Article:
When homes are destroyed it’s not just the structure, the garden, the food stocks, pots and pans and tools and toys, books and religious artifacts, that regal reclining chair your uncle would endlessly pontificate from, those warm clothes and that ancient guitar. It is photos of children, grandparents, graduations, ordinations, pilgrimages, beachside holidays and that time you made it to Mount Popa and vowed to avoid feral monkeys forever. And for a country so obsessed with identity and bureaucracy, what people lose in the flames can be the difference between belonging and statelessness: birth and wedding certificates, citizenship papers, identity cards and passports, land tenure documents, tax and loan receipts. There are intangible memories and milestones that a heartless census can never count, laments and triumphs that no plodding local administrator could comprehend or a screaming man with a machete or machine gun would empathize with. The loss is greater than those shocking numbers can convey.

And loss comes, too, in flight, displacement and exile. So many civilians who live in incessantly conflict-wracked areas such as Karen State have ubiquitous grab bags, ready to race into hiding when marauding du-dar [Sgaw Karen for enemy] arrive and leave belongings unusable or looted or defaced and livestock plundered or killed. Imagine living this way for generations, and then some drooling cretin from the World Bank arriving to inform your community you all actually live in a ‘post-conflict area’? The Karen Human Rights Group’s latest report is a stark reminder of how people suffer in the post-coup conflict, and is redolent of documentation the organization has produced for thirty years.

Many people displaced by conflict in Kachin and Shan states remain close to their old homes, but unable to return due to continued instability and landmine contamination that may make the area uninhabitable for many years. Over 100,000 people in Kachin and Shan have been displaced for more than ten years. A decade crowded into a church compound, or a row of huts in an insurgent-controlled zone is perhaps safer but not when it snows or the food convoy doesn’t get through.

Over 100,000 Rohingya have been confined in squalid camps on the outskirts of the Rakhine capital Sittwe for a decade, just a few kilometers from their former homes in town. Shelters are often unable to be maintained due to lack of funds or governments not wanting to support prolonged displacement and looking for ‘durable solutions’ that fail to eventuate. Think as well of the many internally displaced people who have fled home in desperation, for lowly paid field-hand work in the north, the deadly jade mines of Hpakant with their constant threat of landslides, the factory hellholes of Hlaing Thayar and Shwepyithar.

People who fled the wreckage of Cyclone Nargis in 2008 when the tidal surges took over 130,000 people along with their homes and more. Flooding, rising temperatures, lack of investment or development, all drivers as much as conflict to displace people from where they want to live. Myanmar also experiences widespread forced evictions throughout the country, in rural areas, peri-urban slums and working class areas as military-connected capital seeks prime real estate without fair compensation. In the past this has even included forced evictions of cemeteries: even the dead aren’t spared in Myanmar. The targeted killings of local administrators in Pyigyitagon in Mandalay is linked to the forced evictions of some 200 homes for local development in February.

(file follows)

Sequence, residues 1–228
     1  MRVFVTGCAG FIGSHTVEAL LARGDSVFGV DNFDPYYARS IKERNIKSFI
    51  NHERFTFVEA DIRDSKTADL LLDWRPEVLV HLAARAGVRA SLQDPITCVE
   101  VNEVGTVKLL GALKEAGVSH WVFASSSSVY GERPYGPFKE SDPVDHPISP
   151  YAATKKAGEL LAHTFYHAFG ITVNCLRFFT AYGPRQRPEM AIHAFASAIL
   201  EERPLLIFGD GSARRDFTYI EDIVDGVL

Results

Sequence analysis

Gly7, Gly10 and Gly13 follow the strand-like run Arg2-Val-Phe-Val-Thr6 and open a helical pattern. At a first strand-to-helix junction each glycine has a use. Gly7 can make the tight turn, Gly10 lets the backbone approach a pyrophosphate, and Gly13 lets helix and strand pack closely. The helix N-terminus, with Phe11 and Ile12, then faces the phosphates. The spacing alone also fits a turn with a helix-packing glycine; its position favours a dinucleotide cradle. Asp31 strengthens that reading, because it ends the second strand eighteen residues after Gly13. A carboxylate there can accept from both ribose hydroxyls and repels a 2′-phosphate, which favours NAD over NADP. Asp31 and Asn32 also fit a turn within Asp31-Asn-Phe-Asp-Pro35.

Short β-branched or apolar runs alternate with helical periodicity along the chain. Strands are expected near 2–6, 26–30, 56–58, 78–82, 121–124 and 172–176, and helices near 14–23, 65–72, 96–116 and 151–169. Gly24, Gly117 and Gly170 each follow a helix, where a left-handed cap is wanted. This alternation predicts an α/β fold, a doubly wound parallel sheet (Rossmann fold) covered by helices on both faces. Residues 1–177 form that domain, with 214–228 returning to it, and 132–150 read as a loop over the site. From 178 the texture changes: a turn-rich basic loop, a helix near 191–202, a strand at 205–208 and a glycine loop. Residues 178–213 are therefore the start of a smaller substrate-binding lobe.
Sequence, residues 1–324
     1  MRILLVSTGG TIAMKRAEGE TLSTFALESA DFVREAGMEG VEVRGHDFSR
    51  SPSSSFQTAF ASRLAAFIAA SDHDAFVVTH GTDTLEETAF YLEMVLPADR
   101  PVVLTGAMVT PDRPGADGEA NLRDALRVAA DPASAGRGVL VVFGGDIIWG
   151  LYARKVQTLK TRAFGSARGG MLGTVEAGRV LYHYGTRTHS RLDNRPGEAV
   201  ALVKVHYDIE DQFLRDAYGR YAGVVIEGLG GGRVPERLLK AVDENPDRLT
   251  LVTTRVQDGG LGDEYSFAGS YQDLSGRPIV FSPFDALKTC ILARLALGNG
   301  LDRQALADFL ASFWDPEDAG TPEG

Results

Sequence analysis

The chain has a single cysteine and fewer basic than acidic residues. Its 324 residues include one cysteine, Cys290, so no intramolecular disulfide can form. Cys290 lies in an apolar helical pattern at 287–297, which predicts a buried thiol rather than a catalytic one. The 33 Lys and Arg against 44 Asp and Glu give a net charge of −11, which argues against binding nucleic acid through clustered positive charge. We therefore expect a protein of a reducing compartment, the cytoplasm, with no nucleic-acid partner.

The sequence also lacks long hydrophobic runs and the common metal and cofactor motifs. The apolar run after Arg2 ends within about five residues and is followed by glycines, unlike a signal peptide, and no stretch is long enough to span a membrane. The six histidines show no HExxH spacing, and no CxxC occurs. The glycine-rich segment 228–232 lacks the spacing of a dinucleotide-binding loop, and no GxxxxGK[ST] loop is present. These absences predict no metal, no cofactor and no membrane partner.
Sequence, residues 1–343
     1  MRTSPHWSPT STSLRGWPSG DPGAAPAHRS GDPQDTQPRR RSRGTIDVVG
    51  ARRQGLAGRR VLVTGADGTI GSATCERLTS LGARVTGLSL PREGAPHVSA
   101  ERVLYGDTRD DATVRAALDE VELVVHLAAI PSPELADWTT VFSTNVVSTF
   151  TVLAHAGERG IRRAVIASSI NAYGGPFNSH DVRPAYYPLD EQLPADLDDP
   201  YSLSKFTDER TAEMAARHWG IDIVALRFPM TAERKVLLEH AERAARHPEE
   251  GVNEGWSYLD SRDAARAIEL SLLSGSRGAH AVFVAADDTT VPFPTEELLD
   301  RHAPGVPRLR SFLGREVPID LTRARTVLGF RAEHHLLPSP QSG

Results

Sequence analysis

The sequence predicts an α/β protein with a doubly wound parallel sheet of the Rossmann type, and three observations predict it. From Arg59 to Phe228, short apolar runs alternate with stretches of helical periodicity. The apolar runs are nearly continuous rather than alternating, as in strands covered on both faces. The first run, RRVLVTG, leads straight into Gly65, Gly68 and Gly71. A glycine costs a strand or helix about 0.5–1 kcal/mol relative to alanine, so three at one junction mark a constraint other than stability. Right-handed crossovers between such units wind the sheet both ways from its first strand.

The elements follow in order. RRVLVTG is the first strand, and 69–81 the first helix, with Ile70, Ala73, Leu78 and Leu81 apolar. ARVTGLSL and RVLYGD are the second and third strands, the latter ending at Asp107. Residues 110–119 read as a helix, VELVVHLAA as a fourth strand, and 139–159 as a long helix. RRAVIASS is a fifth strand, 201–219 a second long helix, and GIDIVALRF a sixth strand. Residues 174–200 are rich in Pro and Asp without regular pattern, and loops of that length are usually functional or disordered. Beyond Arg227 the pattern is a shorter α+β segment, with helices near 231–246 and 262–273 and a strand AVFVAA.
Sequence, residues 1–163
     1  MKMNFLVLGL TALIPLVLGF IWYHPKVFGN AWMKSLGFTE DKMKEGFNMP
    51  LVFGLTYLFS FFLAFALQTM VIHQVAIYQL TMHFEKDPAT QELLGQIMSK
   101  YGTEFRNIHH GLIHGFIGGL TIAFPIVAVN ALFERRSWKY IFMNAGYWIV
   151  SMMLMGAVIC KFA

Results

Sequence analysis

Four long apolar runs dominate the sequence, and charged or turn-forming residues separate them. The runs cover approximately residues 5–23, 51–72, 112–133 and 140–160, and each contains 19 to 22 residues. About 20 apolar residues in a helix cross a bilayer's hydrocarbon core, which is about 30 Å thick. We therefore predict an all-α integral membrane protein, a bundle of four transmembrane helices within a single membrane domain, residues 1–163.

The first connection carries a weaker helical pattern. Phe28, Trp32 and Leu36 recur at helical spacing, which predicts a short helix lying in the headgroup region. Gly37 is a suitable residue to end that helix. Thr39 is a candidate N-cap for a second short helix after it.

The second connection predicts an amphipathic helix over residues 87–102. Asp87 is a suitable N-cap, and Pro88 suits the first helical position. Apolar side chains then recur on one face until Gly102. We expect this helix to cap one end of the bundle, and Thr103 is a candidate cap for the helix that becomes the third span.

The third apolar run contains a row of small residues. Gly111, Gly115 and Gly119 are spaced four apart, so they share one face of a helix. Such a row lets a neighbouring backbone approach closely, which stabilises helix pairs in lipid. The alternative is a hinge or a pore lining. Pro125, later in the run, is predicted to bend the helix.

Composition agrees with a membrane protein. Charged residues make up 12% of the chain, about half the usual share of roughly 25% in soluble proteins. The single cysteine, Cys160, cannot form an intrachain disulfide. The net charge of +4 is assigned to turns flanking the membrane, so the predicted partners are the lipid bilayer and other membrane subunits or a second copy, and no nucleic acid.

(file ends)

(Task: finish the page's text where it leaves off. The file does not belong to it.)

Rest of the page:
Think too of a combination of poverty and conflict, repression and desperation that has caused millions of people to leave Myanmar for many decades, an estimated four million to work as migrant workers in Thailand, Malaysia, Singapore and the Middle East. In fields, fishing boats and factories, hotel lobbies, hospitals and shopping malls, often harried by predatory police, corrupt brokers and sadistic criminal opportunists who may often be your employer, using underground banking systems to wire monthly wages to family in Mon State or Mandalay, a dedication and devotion to a home you might not see for many years, your children being raised by grandparents.

And then elite exile, a life of political activity, or working in the media, development jobs, all with clean sheets, passports, credit cards, travel, and ultimately safety. But the feeling of dislocation, the desire to return home is no less ardent. The feeling of distance that inevitably comes over you, the regrets and questions of whether it was right to leave, the question of when to return, the guilt from thinking of friends or family members left behind, or simply just names of dissidents, poets, and union leaders you know to be in Insein Prison or disappeared into the armed struggle. The loss of home comes over people in similar ways regardless of differences in place and privilege, and that maddening objectification that foreigners project onto you as some helpless refugee, when that’s not how you perceive yourself.

This widespread collective punishment strategy in upper Myanmar should be etched into the institutional memory of all foreign interlocutors from now, in ways that past human rights atrocities never were. UN and international NGO workers, diplomats and the private sector were all complicit in downplaying past war crimes and crimes against humanity, and finding ways to ‘contextualize’ the crimes of the past decade. It was perhaps the privileged spaces they created for themselves, at work and play, that insulated them from the reality of a country they chose to understand from a withering distance.